I have never been into comics, despite the significant cultural impact that they have had for generations. I’ll be honest and say while I understand how they can entertain and engage so many, I never really thought of them as sources of deep thought or reflections on the core principles of the human conditions. But when in 2002 I went with college friends to see the film Spider-Man, and for the first time heard Peter Parker, AKA Spider-Man, say those words, “With great power comes great responsibility,” I was struck by how simple, yet profound, they are. They almost sound like the belong in the canon of Jewish wisdom.
Perhaps it’s because the creator of Spider-Man, Stan Lee, was familiar with this week’s Torah portion, Vayishlach. Maybe he was at a bar mitzvah in December 1935 when it was read at an Upper West Side synagogue where he grew up as Stan Lieber. Maybe he was struck by the verse near the start of the portion, where Jacob is about to meet his brother Esau for the first time since stealing his birthright and running for his life, and “Jacob was greatly frightened; in his anxiety, he divided the people with him, and the flocks and herds and camels, into two camps, thinking, ‘If Esau comes to the one camp and attacks it, the other camp may yet escape.’” Maybe Stan was familiar with the midrash about this verse, that teaches:
“Rabbi Yehudah, son of Rabbi Ilai said: fear and anxiety are not the same. The fear was that he might kill someone else, and the anxiety was that he might be killed. Jacob said: If Esau overpowers me, he’ll kill me. And if I overpower him, I’ll kill him.”
And Jacob was afraid of both. Jacob was justified in fearing for his life and his livelihood; their mother Rebekah had told Jacob to flee in fear that Esau would kill him and she would lose both her sons in one day. But the Torah adds that Jacob was also fearful that he would kill Esau in their confrontation, something he didn’t have the power to do when they were younger.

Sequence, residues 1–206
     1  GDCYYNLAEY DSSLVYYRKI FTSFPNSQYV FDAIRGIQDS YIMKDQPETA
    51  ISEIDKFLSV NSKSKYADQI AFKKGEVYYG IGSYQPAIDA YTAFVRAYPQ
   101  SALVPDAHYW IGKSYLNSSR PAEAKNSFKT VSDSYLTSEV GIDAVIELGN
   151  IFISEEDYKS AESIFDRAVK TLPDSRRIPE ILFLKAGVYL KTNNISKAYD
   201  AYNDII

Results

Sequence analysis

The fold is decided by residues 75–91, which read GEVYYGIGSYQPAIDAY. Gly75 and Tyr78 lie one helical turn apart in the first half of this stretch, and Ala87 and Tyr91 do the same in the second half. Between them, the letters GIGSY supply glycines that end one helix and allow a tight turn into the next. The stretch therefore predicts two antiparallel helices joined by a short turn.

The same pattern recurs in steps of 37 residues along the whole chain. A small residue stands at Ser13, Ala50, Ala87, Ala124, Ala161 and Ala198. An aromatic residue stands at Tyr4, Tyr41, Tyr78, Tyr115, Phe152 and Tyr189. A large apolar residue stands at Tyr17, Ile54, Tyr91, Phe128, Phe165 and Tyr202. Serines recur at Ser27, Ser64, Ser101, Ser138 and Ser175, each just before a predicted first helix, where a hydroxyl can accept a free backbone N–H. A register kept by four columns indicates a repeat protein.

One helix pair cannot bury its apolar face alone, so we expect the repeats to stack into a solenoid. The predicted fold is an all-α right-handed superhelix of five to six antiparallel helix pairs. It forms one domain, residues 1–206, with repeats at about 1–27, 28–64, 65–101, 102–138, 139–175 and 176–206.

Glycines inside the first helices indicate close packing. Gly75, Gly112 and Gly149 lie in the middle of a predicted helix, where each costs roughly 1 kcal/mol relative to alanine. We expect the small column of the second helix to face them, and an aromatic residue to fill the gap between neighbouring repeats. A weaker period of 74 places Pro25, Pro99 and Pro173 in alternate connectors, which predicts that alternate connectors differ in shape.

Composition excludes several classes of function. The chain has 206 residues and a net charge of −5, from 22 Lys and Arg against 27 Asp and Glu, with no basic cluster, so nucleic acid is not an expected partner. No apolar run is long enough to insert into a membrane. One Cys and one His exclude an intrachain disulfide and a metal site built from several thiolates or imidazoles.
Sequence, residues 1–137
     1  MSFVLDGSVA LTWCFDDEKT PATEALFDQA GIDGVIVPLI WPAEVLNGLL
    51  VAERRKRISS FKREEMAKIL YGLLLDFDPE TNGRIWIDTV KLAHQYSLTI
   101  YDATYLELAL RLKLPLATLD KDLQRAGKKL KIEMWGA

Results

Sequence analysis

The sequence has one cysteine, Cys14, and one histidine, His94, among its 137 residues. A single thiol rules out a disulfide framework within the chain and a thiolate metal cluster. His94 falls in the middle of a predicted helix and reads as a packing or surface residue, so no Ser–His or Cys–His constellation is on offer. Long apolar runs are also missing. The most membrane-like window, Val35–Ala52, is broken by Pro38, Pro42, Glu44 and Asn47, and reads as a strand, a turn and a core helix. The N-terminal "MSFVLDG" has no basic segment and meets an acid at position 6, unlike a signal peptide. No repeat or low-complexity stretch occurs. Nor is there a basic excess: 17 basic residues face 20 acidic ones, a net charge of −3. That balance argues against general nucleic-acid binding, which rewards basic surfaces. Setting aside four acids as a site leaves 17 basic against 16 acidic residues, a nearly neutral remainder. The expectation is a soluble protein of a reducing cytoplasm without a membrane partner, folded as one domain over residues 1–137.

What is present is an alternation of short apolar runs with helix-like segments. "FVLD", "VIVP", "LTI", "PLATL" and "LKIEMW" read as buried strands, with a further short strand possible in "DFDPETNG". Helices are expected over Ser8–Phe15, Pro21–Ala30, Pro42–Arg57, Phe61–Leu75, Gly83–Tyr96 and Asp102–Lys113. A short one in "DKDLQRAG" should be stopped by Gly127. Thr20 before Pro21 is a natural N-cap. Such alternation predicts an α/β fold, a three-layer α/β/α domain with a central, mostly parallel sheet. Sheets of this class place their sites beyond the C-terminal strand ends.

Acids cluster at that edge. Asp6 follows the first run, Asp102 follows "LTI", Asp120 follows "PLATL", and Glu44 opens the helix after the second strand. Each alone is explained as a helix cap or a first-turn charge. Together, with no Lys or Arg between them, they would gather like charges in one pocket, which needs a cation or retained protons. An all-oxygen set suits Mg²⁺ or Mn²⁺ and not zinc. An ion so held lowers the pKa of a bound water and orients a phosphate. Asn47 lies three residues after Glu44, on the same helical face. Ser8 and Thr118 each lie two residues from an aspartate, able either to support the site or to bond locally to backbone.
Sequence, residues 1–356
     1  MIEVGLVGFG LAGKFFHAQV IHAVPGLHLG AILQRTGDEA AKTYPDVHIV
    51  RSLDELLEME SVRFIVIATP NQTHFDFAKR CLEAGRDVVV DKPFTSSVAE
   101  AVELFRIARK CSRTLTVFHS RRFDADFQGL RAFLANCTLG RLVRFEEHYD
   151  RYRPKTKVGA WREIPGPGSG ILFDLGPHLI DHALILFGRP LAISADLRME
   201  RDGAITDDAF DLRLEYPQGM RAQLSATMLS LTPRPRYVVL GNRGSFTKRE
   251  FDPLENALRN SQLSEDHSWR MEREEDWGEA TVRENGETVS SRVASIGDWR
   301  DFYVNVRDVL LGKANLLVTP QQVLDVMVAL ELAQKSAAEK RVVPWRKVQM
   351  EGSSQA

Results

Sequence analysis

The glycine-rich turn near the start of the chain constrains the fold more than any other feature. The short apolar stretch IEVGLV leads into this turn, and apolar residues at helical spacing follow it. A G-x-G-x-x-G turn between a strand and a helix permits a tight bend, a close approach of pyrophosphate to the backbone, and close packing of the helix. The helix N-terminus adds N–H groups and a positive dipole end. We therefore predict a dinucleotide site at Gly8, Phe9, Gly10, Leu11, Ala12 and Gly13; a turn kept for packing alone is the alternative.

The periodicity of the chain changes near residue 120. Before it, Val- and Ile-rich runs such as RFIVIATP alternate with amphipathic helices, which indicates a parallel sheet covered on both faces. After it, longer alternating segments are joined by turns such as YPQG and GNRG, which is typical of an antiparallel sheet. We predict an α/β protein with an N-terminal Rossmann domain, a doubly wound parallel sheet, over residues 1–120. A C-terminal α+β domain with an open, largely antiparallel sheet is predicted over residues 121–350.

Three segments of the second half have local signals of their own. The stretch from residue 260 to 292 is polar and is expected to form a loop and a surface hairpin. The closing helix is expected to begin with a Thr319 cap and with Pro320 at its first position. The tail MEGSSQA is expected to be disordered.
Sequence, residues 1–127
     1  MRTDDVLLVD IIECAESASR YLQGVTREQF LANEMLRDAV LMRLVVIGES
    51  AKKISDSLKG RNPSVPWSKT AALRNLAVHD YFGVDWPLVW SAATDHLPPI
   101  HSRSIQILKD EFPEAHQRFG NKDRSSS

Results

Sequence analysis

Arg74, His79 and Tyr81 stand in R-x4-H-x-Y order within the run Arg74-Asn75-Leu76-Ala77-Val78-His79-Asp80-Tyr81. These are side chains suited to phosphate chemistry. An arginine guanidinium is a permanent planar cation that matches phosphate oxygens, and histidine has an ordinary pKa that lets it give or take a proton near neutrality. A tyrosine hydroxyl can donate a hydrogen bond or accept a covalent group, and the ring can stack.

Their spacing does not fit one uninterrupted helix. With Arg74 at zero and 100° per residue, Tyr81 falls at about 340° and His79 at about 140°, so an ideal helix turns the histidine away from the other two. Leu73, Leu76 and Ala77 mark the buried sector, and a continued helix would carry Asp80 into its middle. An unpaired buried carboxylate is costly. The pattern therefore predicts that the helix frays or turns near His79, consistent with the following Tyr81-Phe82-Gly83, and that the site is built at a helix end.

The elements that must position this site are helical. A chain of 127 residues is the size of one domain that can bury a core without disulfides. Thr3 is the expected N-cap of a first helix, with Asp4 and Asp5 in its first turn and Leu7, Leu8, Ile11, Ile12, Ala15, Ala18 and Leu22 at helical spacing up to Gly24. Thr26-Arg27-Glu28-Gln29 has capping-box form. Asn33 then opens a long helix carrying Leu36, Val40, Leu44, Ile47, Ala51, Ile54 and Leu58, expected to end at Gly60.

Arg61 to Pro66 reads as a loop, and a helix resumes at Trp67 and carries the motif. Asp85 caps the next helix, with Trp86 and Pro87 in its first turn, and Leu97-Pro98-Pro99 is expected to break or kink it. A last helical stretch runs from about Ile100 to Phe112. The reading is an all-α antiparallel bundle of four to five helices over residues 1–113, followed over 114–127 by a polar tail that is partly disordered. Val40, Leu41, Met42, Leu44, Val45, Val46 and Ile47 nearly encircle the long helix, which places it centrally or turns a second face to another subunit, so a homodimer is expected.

Jacob’s experience of having the power to overwhelm Esau and the fear of using it was poignant at the time, but has resonated with us, his descendants, differently in different generations. For much of the last two thousand years, most Jews and Jewish communities found ourselves powerless, especially with respect to our neighbors and governing bodies with whom we strove to live alongside peacefully. Fear of persecution was a common concern, and our prayers were focused on, as the phrase in Fiddler on the Roof goes, keeping the czar far away from us.
That all changed with the founding of the State of Israel. All of the sudden we found ourselves in a position of power, in a position to defend ourselves against attacker and, should we feel compelled, go on the offensive. In the decades since Israel’s founding, there have been moments when the IDF and Israel’s political leaders had the wisdom of forbearance, not pressing their advantage towards an accomplishment whose achievement would have put us in greater danger down the road. I think, for example, of the victory in the Six Day War, how Moshe Dayan had to instruct Israeli soldiers to take down the Israeli flag from the top of the Dome of the Rock, and how he and the leadership chose not to take the fight east through Jordan all the way to Amman, which would have been an easy accomplishment.
Right now, many of us around the world are watching the machinations of the new government being forms with great apprehension. Personally, I am fearful that the far-right leaders who were elected are going to make decisions that will alienate, ostracize, and incite a variety of groups of people, including non-Orthodox Jews, minority groups, Arab citizens of Israel, and those around the world upon whose support Israel relies for her safety and security.
My prayer this Shabbat is those leaders, who are committed to their Judaism and knowledge of Torah, might be inspired by the midrash of Jacob before he confronted Esau, and ask themselves what they should be fearful of as they press the advantages they earned in the recent election.
For me, and I invite you to join me, I have to figure out how to handle my anxiety of what might come should the laws and practices in Israel that I have grown to rely on change. I’m concerned about freedom to pray at the Western Wall, as I did so joyously this past summer at the Egalitarian Plaza. I’m worried that the rules around who can make Aliyah will change, especially for the many folks in our community who are Jews by choice. And I’m concerned that the delicate balance of Israel as a Jewish and democratic state might be upset, perhaps irreparably.
In the portion, Jacob overcomes his fear and anxiety, finds a third way between making or receiving war, and ends up with a peaceful resolution with his Esau. Let us be inspired by him whenever we find ourselves in a fight or flight situation, especially when we know that we have the power to harm to others. Let us use our powers – all of them – for the right and the good, and in the pursuit of peace.
Rabbi Greg Weisman